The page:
The American Club informs about an incident when the captain of an inland towing vessel, ordered his crew to stop working as a precautionary measure.
An inland towing vessel was transiting downbound on the Lower Mississippi River with a string of 6 barges.
The crew included the Master, pilot, engineer, a mate and 2 other deckhands. The two deckhands were both new and had less than 6 months of experience in the towing industry.
It had been a particularly busy day for the crew. They had dropped off and picked up several other barges and had to reconfigure the entire tow on two separate occasions.
This was unusual for this vessel as the crew was more accustomed to longer voyages without the need to frequently drop off and pickup barges.
Further, the river level was high and the current was fast. The weather was cold and it had been raining on and off all day. With two “green” deckhands onboard, both deckhands and the mate had been needed each time they dropped off or picked up a barge all while being closely monitored by the Master or pilot on watch.
The vessel was enroute to a fleeting area to drop off 3 loaded barges and pick up 3 additional loaded barges. As the pilot was in the process of relieving the Master just before midnight, the Master expressed some concern that it may not be safe to attempt to drop off and pickup more barges given the time of day and the effort the crew had made previously that day.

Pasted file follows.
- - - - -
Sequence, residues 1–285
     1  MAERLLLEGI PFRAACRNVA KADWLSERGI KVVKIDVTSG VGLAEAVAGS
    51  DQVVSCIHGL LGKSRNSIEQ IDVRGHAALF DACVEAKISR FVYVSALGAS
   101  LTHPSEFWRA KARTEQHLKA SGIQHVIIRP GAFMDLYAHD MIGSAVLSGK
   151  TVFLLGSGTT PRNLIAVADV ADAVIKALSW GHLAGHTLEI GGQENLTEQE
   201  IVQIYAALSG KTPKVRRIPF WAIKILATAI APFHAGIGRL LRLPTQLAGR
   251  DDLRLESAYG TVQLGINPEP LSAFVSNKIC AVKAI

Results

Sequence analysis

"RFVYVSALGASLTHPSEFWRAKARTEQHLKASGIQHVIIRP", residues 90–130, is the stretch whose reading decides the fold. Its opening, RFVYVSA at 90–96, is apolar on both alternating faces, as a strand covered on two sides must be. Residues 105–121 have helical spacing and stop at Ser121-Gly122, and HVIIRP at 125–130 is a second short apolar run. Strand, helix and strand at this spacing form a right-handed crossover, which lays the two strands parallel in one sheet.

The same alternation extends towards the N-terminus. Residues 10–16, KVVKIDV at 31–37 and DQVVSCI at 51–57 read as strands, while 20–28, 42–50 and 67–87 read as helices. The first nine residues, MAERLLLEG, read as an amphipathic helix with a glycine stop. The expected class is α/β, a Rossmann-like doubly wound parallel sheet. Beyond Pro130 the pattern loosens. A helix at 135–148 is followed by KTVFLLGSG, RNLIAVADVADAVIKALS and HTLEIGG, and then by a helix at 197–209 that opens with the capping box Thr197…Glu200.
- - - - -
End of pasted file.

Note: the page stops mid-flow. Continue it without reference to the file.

While he was sure the deckhands would try to rise to the occasion, he also recognized that the risks were higher than normal. Everyone was tired. It was dark. It was late at night. All the topside surfaces were wet and potentially slippery. The river current was fast. Two of the deckhands were inexperienced.
The Master contacted the office and got permission to tie up the tow at the fleeting area and wait until the following morning to drop off and pick up the barges. That allowed the deckhands to get some uninterrupted rest and a fresh start in the morning.
Informally, the Master conducted a risk assessment of the overall situation. He considered fatigue, the weather conditions, the nature of the work to be done and the experience of the crew.
His conclusion was that the risk was higher than he liked and recognized that by the following morning, several of the risks especially the fatigue would be mitigated.
He also recognized that if they attempted to drop off and pick up more barges that night and something went wrong, that “something” would likely be a serious injury or even a fatality should a deckhand fall overboard.
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